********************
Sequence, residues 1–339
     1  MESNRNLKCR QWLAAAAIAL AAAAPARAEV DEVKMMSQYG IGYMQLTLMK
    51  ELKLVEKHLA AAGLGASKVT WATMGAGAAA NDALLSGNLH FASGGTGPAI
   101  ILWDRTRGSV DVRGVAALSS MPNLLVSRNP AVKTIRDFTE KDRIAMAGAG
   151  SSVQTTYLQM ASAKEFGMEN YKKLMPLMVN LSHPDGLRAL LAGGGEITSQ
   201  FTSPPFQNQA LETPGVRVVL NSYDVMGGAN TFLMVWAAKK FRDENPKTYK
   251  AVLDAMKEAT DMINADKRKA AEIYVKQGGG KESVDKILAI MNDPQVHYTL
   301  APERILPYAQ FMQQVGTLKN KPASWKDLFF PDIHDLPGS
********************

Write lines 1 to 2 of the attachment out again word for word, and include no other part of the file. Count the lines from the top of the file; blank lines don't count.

Sequence, residues 1–339
     1  MESNRNLKCR QWLAAAAIAL AAAAPARAEV DEVKMMSQYG IGYMQLTLMK